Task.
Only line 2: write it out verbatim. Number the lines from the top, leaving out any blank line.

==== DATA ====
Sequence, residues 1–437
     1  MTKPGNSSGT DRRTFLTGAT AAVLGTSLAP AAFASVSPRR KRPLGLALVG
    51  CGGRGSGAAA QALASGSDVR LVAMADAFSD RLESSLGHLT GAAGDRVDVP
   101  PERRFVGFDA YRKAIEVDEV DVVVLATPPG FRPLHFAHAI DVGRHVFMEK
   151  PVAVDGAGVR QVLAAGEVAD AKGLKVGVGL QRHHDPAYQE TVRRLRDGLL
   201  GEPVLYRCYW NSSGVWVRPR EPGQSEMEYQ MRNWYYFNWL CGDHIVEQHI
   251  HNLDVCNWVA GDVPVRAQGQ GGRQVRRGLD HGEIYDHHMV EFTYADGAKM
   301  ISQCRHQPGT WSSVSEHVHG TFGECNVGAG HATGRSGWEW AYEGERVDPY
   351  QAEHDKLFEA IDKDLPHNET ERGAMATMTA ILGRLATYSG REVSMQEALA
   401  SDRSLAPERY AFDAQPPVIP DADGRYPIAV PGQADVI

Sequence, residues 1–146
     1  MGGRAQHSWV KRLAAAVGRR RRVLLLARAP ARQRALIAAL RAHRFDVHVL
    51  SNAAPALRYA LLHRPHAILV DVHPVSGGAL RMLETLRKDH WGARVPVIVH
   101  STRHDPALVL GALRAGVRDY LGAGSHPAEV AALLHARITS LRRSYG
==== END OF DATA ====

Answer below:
     1  MTKPGNSSGT DRRTFLTGAT AAVLGTSLAP AAFASVSPRR KRPLGLALVG